Have you filed your Obamacare amicus brief yet? What? You haven’t? Then you’re way behind your fellow Americans — at least those in organizations with a dog in this fight. The Supreme Court is expected to consider Obamacare — better known as the Affordable Care Act or the federal health care overhaul — in March, and the deadline for some of the amicus briefs in support of the government was Friday. (“Amicus” = friend in Latin. Amicus brief: An argument from someone with a strong interest in the case, but who is not actually a party to the legal action.)
A few highlights on the Supreme Court’s “friends” in Massachusetts:
• Attorney General Martha Coakley filed her brief on Friday. From the press release:
BOSTON – Arguing that Massachusetts’ own experience supports the federal government’s basis for passing national health care reform, Attorney General Martha Coakley filed a brief today in the U.S. Supreme Court supporting the federal Patient Protection and Affordable Care Act (PPACA).
Massachusetts’ health care reform law served as a blueprint for the PPACA. In her brief, the Attorney General argues that the successful results from the Massachusetts law enacted in 2006, including a reduction of the number of uninsured people utilizing the “free-care” pool (so-called “free riders”), demonstrate that Congress had a rational and constitutional basis to enact an individual coverage requirement in PPACA. Continue reading
Massachusetts Attorney General Martha Coakley broaches three new tactics — or “pillars,” as she puts it — for containing the state’s health costs in her speech today to the Massachusetts Association of Health Plans. A long swath of the prepared text follows, but here are three key quotes:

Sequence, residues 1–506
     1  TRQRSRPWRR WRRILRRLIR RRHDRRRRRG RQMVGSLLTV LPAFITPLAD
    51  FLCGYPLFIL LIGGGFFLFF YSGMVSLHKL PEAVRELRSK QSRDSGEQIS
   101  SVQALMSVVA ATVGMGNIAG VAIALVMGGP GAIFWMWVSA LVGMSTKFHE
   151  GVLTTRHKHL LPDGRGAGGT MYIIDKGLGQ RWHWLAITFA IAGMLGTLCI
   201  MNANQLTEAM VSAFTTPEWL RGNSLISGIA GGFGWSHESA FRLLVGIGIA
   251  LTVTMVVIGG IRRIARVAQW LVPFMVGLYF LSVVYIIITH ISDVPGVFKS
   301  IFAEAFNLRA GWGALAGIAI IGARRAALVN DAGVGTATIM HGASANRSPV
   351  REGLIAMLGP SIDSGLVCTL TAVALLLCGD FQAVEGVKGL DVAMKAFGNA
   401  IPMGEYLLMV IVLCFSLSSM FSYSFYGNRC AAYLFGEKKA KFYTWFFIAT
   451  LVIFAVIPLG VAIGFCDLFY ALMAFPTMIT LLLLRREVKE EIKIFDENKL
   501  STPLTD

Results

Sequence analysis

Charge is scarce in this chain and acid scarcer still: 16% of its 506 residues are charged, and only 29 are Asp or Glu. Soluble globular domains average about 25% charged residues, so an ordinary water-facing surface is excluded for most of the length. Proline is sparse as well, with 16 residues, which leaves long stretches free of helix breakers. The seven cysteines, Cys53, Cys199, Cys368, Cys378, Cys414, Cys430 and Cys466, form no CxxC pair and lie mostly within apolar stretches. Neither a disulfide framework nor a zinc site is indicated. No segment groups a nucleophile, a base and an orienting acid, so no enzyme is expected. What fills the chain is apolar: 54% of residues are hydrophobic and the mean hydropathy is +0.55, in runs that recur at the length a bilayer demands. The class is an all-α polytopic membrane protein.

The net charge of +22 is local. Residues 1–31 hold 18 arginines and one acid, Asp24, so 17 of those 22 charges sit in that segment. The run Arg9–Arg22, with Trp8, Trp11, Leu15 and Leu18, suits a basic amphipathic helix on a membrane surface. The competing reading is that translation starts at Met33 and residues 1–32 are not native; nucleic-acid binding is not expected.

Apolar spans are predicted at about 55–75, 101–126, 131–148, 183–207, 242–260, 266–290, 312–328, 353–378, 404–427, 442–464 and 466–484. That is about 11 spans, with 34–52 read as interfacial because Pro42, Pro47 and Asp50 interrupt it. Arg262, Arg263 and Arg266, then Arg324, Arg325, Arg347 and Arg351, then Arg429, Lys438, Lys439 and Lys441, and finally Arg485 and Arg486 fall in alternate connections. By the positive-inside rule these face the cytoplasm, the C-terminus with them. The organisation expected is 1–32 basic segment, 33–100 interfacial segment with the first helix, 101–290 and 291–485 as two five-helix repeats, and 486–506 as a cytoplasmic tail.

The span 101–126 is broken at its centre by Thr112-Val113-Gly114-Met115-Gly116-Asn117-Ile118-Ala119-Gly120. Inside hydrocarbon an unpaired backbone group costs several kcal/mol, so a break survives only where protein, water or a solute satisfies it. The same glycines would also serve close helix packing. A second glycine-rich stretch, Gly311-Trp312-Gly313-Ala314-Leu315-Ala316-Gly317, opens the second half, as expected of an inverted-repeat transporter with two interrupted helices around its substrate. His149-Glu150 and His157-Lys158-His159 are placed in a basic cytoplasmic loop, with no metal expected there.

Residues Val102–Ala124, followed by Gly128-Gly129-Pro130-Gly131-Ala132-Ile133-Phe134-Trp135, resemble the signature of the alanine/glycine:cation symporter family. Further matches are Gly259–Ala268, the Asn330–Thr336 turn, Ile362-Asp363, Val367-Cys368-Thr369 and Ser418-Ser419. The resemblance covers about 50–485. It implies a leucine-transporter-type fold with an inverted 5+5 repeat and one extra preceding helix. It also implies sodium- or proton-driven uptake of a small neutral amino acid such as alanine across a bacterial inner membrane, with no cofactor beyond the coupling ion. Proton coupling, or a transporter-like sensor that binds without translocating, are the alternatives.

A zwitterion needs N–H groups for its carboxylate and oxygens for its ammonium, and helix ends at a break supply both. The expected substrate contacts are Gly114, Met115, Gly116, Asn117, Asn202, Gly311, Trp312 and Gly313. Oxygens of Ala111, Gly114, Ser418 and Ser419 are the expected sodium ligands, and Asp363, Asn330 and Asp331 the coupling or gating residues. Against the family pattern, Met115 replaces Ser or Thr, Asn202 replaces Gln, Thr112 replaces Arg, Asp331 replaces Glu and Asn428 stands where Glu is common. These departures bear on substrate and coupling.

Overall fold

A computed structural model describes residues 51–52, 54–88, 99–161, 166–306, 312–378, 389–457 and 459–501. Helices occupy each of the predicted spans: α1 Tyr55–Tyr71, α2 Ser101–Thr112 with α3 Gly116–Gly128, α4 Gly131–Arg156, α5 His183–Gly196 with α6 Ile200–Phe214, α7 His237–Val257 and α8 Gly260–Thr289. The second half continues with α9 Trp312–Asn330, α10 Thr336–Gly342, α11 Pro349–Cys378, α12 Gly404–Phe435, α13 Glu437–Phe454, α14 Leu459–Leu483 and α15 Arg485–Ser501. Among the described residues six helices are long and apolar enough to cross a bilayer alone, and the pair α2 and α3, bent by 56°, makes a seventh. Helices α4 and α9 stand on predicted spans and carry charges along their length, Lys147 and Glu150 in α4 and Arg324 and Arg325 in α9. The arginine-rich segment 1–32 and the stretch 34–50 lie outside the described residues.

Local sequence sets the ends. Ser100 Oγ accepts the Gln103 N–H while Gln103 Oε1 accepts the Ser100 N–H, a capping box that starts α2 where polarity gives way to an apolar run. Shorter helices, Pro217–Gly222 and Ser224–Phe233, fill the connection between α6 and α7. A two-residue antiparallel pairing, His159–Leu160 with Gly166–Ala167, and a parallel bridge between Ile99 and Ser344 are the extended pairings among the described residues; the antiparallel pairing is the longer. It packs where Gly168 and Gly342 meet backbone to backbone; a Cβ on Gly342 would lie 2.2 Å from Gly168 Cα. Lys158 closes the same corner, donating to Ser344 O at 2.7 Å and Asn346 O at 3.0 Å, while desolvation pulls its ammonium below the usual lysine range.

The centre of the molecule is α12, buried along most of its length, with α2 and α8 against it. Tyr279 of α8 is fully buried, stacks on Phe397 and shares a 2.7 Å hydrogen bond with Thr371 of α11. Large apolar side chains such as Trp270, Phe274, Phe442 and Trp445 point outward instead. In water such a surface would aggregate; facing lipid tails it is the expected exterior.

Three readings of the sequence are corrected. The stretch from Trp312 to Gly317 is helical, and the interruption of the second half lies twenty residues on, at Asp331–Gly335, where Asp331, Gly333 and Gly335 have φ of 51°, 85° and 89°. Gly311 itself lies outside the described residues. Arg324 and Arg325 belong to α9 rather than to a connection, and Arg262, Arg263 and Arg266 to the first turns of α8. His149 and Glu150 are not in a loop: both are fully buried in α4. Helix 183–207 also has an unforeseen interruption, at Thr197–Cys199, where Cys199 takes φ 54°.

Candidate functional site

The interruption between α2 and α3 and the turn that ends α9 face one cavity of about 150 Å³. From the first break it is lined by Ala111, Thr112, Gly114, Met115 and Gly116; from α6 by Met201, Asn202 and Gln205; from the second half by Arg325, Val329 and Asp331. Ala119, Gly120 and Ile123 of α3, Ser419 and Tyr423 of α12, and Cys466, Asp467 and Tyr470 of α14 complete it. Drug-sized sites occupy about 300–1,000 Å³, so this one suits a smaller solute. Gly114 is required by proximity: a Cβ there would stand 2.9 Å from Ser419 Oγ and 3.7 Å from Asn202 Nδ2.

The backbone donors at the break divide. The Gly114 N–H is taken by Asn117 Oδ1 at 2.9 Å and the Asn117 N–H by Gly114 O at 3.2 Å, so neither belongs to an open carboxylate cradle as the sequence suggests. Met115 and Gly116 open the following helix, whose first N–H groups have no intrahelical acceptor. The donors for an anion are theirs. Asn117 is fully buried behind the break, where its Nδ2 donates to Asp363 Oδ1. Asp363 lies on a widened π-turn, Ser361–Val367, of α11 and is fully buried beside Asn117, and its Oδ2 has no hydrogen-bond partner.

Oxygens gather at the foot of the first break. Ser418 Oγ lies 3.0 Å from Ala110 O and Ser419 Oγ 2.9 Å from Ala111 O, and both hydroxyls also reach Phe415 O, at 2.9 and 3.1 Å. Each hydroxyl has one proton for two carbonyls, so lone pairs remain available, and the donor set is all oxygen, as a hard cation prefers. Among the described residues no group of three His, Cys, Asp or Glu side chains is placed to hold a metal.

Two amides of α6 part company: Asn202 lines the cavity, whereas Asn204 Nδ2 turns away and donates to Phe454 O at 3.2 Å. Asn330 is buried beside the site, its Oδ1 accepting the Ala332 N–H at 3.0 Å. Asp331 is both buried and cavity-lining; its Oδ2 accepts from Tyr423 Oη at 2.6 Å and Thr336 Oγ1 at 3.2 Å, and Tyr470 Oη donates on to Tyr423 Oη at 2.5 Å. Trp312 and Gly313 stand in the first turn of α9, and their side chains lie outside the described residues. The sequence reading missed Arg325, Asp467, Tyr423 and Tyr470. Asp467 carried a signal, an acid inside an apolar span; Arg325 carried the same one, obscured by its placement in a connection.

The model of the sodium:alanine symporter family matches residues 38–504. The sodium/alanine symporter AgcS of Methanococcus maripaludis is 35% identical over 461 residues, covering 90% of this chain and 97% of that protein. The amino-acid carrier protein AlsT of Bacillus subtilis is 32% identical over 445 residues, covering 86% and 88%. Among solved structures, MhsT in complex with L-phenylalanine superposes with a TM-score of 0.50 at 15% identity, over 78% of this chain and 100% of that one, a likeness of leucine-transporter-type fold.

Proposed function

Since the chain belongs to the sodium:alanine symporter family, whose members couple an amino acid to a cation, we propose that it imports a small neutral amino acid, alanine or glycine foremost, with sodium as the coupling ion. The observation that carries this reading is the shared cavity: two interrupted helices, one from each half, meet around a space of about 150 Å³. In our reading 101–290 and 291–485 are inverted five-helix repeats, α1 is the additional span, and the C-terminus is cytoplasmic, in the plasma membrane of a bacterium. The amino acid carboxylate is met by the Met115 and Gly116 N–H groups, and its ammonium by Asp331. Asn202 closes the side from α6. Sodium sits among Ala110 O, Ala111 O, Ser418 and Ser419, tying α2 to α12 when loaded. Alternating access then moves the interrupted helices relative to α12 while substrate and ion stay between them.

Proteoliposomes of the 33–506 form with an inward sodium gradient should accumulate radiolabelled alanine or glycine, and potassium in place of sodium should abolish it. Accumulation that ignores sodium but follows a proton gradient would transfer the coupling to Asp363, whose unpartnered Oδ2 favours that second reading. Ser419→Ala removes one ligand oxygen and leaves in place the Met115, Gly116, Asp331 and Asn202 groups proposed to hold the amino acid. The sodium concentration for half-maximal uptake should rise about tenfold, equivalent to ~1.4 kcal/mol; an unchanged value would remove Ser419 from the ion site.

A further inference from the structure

•”We are considering requirements that providers disclose the full amount that consumers could be liable to pay, so that patients know in advance what they are agreeing to.”
•”When a provider does reach a certain level of market clout, it should trigger a market impact review to determine whether the provider’s size is having a negative impact on consumer choice, access, or healthy market function.”
•”Starting in 2015, if the market has not corrected unwarranted price variation, the administration should be able to reject health plan contracts with excessive or inadequate provider price variations. Health plans should be prohibited from paying provider rates that differ beyond a certain band. One example would be 20% above or 20% below the plan’s average price for the previous year. Any savings would then be directed to consumers in the form of lower premiums. Finally, I believe we should make this market intervention temporary.”
WBUR’s Martha Bebinger is at the MAHP conference and will be gathering reaction. Please stay tuned, and your opinions are deeply welcome in the comments below. Now for the text, with deep thanks to the Coakley staff for the camera-ready copy: Continue reading
Here’s the WBUR report, and below is the full release from Coakley’s office and the full Blue Cross statement:
BOSTON — The state’s largest insurer plans to rebate $4.2 million to its ratepayers to offset the cost of a controversial severance package to former chief executive Cleve Killingsworth.
Attorney General Martha Coakley disclosed the decision by Blue Cross Blue Shield of Massachusetts on Wednesday following an investigation by her office.
Coakley said the probe determined that Killingsworth was entitled to the hefty severance package under his contract with the insurer, but that such contracts were “costly both in dollars and public perceptions.”
Killingsworth resigned in March 2010 after five years on the job. He left with a total compensation package of $11.3 million. That deal angered many Blue Cross members who are struggling to pay rising health care premiums.
“To put this issue behind the company and as a gesture of good faith to our customers and the community, the board has decided to credit customers the $4.2 million in severance that was paid to our former CEO,” said spokesman Jay McQuaide, reading from a prepared statement.
The rebate breakdown is just under $2 per person. Continue reading
In a lively conversation today with Radio Boston co-host Meghna Chakrabarti, Rachel explains the new, groundbreaking findings on how, in Massachusetts health care, the poor tend to subsidize the rich.
(Read her full post on that aspect of attorney general Martha Coakley’s latest report here.) Never slow on the uptake, Meghna says: